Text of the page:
Since it opened in 1976, millions of people have depended upon the DC Metro every day to get to work, school and local attractions. Consisting of five different lines and over 100 miles of track, Metrorail is second only to the New York City subway in terms of the number of daily passenger trips taken in the United States.
The Metro serves Washington D.C. and its surrounding suburbs, plus Montgomery and Prince George’s Counties in Maryland, and Fairfax County, Arlington County, and the city of Alexandria in Virginia.
With this level of ridership, it is vitally important that the agencies running Metrorail (both governmental and private) ensure the safety of everyone on the trains.
This year, Metrorail is adding its first new line in a decade. Once completed, the Silver Line will be a 23-mile extension that will reach all the way to Dulles International Airport. Washington Metropolitan Area Transit Authority (WMATA) anticipates an average of one million daily riders by 2030.
Naturally, there is some question as to whether the line is an effective way of solving transportation issues.
There have been numerous collisions and derailments over the years. WMATA has taken measures to increase safety on the trains, including strict rules forbidding train operators to use their cell phones while on the job. Metro Assistant General Manager Lynn Bowersox, however, pointed out that “the Silver Line will be maintained just like every other line on the system,” which leads us to wonder if the Metro’s overall safety rules will be reviewed and expanded to include the new areas of service.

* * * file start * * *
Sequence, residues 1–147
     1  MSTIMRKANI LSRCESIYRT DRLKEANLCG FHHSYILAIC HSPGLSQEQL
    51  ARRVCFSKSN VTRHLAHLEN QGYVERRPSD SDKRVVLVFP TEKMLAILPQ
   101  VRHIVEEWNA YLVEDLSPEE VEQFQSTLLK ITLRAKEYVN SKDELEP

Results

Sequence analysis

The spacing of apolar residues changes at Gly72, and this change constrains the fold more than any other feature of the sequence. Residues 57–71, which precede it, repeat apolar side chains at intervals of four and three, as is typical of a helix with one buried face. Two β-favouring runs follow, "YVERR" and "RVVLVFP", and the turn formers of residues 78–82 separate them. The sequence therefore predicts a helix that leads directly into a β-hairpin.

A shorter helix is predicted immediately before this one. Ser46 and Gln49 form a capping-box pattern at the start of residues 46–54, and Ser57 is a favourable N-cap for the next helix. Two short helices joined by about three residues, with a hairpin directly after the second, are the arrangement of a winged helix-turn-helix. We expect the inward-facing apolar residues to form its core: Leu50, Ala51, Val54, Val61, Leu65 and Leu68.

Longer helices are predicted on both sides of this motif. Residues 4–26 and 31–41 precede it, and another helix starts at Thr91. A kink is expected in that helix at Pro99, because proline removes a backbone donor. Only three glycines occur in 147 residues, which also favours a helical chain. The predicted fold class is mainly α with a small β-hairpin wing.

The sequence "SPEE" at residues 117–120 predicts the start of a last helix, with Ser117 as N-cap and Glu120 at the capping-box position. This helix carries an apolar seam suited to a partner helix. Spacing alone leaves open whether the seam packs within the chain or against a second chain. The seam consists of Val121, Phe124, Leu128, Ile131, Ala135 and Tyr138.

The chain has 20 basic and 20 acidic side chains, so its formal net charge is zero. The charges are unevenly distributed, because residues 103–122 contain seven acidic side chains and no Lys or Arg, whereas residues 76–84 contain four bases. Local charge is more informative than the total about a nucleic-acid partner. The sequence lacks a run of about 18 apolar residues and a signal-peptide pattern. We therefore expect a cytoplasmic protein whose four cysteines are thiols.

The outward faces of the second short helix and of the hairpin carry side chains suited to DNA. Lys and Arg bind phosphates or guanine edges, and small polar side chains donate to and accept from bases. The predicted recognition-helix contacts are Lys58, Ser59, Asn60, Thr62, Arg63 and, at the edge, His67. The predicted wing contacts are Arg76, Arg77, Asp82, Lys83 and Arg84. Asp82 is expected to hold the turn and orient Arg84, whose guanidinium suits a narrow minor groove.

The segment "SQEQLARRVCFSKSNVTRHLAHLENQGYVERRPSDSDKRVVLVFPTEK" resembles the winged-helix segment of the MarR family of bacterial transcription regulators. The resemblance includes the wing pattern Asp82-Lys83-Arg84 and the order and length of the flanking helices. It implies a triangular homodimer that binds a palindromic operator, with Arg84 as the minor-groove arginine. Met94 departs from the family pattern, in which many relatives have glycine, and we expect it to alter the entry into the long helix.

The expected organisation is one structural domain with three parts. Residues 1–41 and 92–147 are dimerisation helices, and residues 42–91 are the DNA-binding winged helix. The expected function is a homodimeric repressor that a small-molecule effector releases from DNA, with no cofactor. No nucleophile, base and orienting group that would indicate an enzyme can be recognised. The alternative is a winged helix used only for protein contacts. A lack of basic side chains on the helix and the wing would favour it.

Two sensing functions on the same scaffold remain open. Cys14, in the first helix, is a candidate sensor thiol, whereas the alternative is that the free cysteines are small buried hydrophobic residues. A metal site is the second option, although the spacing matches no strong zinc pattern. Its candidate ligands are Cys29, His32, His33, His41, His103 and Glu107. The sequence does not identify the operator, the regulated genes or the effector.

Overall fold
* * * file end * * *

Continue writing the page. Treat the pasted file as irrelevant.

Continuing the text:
The first phase of the Silver Line doesn’t go all the way to the airport, but only as far as the Wiehle-Reston East station. To reach Dulles, riders will need to transfer to a bus and pay a separate fare. Exiting the train station and crossing to a bus depot, of course, brings another set of safety issues for WMATA to consider.
Metrorail tracks, just like any other train tracks, share the roads with millions of pedestrians, bicyclists, cars and trucks. Any place tracks intersect with the general populace can be a danger zone. Just last month, three people were killed when a Washington, D.C. commuter train hit a vehicle while on the way to Boston. The vehicle was dragged for over a mile, and was so badly damaged that authorities could not tell if it was an SUV or a truck.
There are many possible causes for public transportation accidents. Transport agencies must properly train their vehicle and operators to ensure they perform their duties in a safe and responsible manner. Public transportation platforms and waiting areas should not pose threats to passenger safety due to lack of security or hazardous conditions.
If you or a loved one has suffered any injuries stemming from a public transportation accident, please contact the personal injury attorneys in Washington, D.C., Maryland and Virginia at Koonz, McKenney, Johnson, DePaolis, and Lightfoot L.L.P.